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Technology RoundTable

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Technology RoundTable

  1. 1. Technology Roundtable Schwab Impact Conference San Francisco | November 2, 2011 How will technology help financial advisors overcome some of the big challenges they will face as they move into the future?
  2. 2. Framing the Discussion 1. How do financial advisors enhance client value through effective and efficient use of technology? 2. How do advisors maximize their ROI in technology in an uncertain and rapidly changing world? 3. What can allied institutions and solution providers do to help advisors develop and implement smart technology strategies in their practices?
  3. 3. The Evolution Paradox Financial Advisors understand the importance of adapting to a rapidly changing world by adopting new technologies yet they seem reluctant to commit the resources necessary to make that happen.
  4. 4. Limited Bandwidth More than most, Financial Advisors have good reason to feel overwhelmed as we enter the second decade of the 21st Century…
  5. 5. Information / Decision Overload When you combine limited bandwidth with the massive amounts of information coming at them every day, you can hardly blame financial advisors for being overly cautious.
  6. 6. Prove It! Every consultant that comes through my office tells me they will “raise the trajectory” of by business with their system or that I should buy their technology. Prove to me that my investment will pay off!
  7. 7. The Experts Weigh In
  8. 8. Context & Setting Six of the industry’s best technology thinkers gathered for a roundtable discussion at The Palace hotel in San Francisco on November 2, 2011 while attending the Schwab Impact Conference. The Topic: How technology can help financial advisors overcome some of the big challenges they’ll face as they move into the future. Marie Swift, a frequent contributor to Financial Planning magazine’s print and digital publications moderated the conversation.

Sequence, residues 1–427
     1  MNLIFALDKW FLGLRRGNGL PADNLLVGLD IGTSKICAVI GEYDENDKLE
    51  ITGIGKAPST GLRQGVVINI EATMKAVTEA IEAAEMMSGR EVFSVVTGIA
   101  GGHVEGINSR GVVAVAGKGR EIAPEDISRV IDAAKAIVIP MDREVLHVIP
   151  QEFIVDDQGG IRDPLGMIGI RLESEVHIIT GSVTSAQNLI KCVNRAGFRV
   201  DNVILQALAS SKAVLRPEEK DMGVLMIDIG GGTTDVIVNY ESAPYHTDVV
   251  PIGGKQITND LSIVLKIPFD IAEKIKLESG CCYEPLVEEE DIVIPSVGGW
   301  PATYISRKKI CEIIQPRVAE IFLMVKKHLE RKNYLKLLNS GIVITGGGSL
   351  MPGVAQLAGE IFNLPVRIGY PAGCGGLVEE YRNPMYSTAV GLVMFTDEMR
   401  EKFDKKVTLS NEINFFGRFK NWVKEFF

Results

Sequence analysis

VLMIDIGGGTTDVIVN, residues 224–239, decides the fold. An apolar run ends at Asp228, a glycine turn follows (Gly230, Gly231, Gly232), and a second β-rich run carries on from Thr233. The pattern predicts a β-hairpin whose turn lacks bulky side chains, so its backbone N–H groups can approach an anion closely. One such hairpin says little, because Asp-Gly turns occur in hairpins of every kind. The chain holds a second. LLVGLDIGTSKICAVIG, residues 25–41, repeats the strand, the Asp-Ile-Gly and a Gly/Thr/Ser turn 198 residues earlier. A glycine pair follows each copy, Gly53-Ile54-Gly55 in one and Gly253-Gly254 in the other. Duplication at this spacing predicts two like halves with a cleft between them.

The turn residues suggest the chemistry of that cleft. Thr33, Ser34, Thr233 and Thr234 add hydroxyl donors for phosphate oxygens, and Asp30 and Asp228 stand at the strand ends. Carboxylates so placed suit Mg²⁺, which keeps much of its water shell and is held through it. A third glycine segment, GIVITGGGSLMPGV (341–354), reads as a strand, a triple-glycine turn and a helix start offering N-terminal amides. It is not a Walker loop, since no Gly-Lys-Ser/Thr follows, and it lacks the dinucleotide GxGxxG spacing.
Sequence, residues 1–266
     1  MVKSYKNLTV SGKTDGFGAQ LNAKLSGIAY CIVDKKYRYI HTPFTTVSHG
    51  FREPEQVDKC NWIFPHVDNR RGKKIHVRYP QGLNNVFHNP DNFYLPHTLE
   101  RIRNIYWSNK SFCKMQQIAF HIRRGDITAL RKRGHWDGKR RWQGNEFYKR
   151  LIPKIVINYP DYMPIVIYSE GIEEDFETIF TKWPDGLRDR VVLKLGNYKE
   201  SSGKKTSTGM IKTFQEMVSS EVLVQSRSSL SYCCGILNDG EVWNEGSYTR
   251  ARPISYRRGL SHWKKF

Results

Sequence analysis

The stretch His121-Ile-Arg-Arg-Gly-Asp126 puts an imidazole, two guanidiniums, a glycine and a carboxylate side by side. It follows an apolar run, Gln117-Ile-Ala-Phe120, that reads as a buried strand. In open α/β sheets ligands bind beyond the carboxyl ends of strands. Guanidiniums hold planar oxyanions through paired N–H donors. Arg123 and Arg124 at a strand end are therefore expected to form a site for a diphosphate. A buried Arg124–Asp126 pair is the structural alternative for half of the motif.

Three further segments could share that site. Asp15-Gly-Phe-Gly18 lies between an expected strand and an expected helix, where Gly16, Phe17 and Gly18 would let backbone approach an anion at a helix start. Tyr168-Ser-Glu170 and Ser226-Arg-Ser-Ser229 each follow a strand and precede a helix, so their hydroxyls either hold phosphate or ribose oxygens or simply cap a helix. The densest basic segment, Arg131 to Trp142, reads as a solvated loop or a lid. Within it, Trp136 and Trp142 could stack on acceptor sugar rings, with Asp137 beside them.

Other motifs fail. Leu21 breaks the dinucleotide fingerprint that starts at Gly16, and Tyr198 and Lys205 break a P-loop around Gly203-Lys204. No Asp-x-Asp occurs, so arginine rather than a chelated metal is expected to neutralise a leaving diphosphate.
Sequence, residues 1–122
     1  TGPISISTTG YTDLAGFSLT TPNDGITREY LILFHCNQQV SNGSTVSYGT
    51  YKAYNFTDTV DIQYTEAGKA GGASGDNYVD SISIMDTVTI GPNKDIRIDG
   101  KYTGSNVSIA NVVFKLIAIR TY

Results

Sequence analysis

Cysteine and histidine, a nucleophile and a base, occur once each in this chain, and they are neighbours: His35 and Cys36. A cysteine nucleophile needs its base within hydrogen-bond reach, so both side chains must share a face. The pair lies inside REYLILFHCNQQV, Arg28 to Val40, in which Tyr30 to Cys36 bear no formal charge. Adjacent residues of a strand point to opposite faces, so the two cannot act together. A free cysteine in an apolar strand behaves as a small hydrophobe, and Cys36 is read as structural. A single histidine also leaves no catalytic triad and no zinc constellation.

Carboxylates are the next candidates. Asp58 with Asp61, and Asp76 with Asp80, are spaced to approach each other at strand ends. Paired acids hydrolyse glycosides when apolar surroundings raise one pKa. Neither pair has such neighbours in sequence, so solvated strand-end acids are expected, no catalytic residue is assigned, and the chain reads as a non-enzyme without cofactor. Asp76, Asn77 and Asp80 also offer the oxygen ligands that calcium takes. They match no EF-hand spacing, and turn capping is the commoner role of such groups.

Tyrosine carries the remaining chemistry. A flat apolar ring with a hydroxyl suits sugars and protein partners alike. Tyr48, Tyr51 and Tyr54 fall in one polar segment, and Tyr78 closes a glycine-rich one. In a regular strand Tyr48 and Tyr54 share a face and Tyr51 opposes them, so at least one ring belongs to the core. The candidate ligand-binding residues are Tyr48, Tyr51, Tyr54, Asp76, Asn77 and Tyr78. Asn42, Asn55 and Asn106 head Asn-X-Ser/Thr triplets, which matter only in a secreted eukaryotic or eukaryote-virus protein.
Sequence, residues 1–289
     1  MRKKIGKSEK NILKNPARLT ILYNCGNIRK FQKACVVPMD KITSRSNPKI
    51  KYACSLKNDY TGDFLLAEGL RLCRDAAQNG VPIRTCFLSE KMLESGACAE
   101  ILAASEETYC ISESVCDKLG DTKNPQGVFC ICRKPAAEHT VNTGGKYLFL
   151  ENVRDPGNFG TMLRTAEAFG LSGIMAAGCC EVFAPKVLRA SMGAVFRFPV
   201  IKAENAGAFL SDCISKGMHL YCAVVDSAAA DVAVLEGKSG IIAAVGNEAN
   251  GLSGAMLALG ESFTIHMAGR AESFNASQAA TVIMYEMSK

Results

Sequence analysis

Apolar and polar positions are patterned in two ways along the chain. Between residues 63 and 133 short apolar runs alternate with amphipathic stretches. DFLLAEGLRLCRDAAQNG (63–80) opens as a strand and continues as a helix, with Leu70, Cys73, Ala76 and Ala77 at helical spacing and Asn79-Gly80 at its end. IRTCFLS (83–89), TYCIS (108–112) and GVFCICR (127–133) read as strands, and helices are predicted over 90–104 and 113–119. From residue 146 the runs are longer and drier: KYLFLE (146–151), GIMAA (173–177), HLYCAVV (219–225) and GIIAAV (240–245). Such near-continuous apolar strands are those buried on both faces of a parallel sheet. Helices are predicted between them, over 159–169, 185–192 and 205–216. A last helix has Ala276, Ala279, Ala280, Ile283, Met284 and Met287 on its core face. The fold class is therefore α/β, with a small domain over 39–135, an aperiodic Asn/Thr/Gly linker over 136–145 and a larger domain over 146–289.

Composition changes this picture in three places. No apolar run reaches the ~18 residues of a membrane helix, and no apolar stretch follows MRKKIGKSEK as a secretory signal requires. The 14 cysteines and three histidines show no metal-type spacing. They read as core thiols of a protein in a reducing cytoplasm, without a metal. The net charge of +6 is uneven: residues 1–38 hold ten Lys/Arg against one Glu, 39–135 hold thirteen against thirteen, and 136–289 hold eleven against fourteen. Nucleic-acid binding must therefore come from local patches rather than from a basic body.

9. 9. The Palace Hotel San Francisco, CA November 2, 2011
  10. 10. Advisors Want Turnkey Solutions “I am always talking with advisors. One of them told me most succinctly, “I want this to work like a refrigerator or toaster in my kitchen. I want to plug it in and have it work – I don’t want to go through a big learning curve. We, the technology vendors, need to do more so that technology works right out of the box. That’s why you see Apple’s iPhone, iPod, iPad, and computer sales growing at tremendous rates. Why are they able to grow sales so quickly? Because there is no training or implementation needed. In addition, everything is integrated. There is a lot more for us as industry solutions providers to do.” James Carney, President and CEO of ByAllAccounts
  11. 11. Technology Partners Step Up “Many of the advisors that we talk to today are concerned about what they’re spending on technology and whether or not they are getting value for it. One of the things Cornerstone is adamant about is making sure we are delivering value every year. If you, as an advisor, are paying a subscription fee, you should expect that from your technology solutions providers. So we are always adding new functionality, new capabilities. We also conduct monthly webinars, about half of which are topical in the investment world – we’re not the voice of the expert on that so we bring in partners to add value. The other half of our webinars and communications are tips and techniques, special things that you can do that you may not be doing with our solutions that will help save you time and money..” Mary Hepler, President and CEO of Cornerstone Revolutions